The Weardale Way – Westgate to Stanhope via Rookhope

This was the second stage in my route but the first day I actually set foot on the Weardale Way. I very nearly didn’t bother.

The weather forecast suggested an improving day after a damp start but with cloud reluctant to leave the uplands. I therefore ignored the first section from Killhope and settled on starting a little lower down the valley at Westgate. There is free parking tucked down by the river and I squeezed my car into the last gap, the rest taken by a funeral party.

Despite the inviting footpath by the river, the map told me that the path headed through the village and up onto Westgate Heights. Getting out of any built-up area is invariably a walker’s headache; footpath signs, unless regularly inspected and maintained, tend to get hidden by summer undergrowth or someone’s newly acquired caravan. Rights of way can also cross property where the owner has accommodated it within a vegetable patch or as a route to their chicken shed. These are invariably guarded by a snappy Jack Russell and I then feel like an unwelcome trespasser. It therefore becomes a moment of having the courage of my navigating convictions to look for a waymarker amongst the green beans or be ready to retreat with an apology. Either way, it makes for slow and frustrating going, and I had a long walk ahead of me.

The Wear at Westgate

The path in Westgate disappeared in a farmyard and, as there was no-one to ask, I took the course of least resistance and followed the river footpath for a while before rejoining the Way itself outside the village. The route followed an easy to follow farm driveway up onto the heights and my mood improved once I finally felt I was making progress.

It didn’t last long. There was a point where signage, paths and stiles failed and the weather had that “will it, won’t it?” look about it. Behind me, the thick battleship grey clouds had refused to clear and I wondered if they were going to advance or retreat. Sunny blue skies lay before me, on the other side of the aptly named Weather Hill, which appeared to divide the heavens.

Looking west at the clouds on the other side of Weather Hill

I had a choice; to turn back into the clouds or march forward into the unknown that lay in sunshine. Stubborn streak, map and compass in hand, I set off along faint sheep trods that had me hopping and skipping as a lamb to avoid the boggy bits. I must have looked quite a sight, grumpily flapping my way over a mile of streams, rushes, grasses, nettles and thistles that are optimistically called pastures. Grazing sheep raised their heads to consider my behaviour momentarily then resumed their search for something edible. I did not envy the farmer who managed this land.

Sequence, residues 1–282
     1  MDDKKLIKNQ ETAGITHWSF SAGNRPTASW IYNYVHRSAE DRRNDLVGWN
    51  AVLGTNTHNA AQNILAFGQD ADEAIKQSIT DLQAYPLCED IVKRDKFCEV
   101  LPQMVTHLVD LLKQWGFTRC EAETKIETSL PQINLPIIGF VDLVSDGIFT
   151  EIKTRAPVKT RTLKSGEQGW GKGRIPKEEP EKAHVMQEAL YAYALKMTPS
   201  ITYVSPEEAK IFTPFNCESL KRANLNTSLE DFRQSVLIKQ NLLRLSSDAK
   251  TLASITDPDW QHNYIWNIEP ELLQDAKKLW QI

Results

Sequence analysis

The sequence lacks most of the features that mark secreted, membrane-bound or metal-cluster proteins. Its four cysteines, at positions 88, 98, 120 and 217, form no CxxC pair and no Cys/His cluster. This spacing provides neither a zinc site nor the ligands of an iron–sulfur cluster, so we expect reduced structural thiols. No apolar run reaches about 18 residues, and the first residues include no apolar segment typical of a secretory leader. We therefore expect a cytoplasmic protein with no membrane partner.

The last section of the route over Weather Hill – there is even a sheep track to follow here. Luxury!

The risk paid off and I found a sunny bridleway where the Pennine Journey joins forces with the Weardale Way. A spot at High Bishopseat offered a perfect location to refuel and absorb the view.

It is remarkable the difference that a good track and lunch can have. In newly buoyant mood, I paced on down into Rookhope where the trail crosses Rookhope Burn and then follows the lane down the other side of the valley.

I crossed my third bridge of the day into beautiful streamside glades and rambled along the burn, delighting in its chatter and splash. Rabbits randomly appeared and disappeared and by the time I reached the romantically named Ambling Gate Bank, my thoughts had wandered into another world of stories and settings; Watership Down, Wuthering Heights and Tales from the Riverbank amongst many. How many authors started with their environment and then crafted the tale or is it the other way around?

At Eastgate I had the option to await the 101 bus to return me to my car or add another 3 miles and catch the last bus back from Stanhope. It was a lovely afternoon so I continued. The Weardale Way rejoins the Wear here but the path was narrow and full of nettles and not pleasant for a walker in shorts. I climbed a gate and followed the disused but still intact railway line into Stanhope, feeling like an extra in the Railway Children. It was all quite magically silly.

Very ready for something to eat after my 11 mile hike, I splashed out on a can of Fanta and some crisps. There are some thoughtfully placed benches near the bus stop in the market place so I sat in the evening sunshine to munch and slurp and watch the world go by.

The Bank Holiday Friday evening pilgrimage to the co-op caught my attention. Various vehicles would pull up along the street near the benches and some, or all, of their occupants headed off expectantly to the Lakes and Dales shop. A few minutes later they would reappear with their goods; large bottles of precious pop nursed by children, a collection of lager cans swung nonchalantly by lads or a pile of pizzas held aloft as supper offerings by mums in slippers. A double or triple thunk of doors, the ignition cough and they were gone, to be replaced with the next cohort of tractor, van, motorcycle and car drivers, all preparing for their weekend.

My bus arrived and returned me to my car and the start of mine.

It had been a very interesting day.

Stanhope quarry

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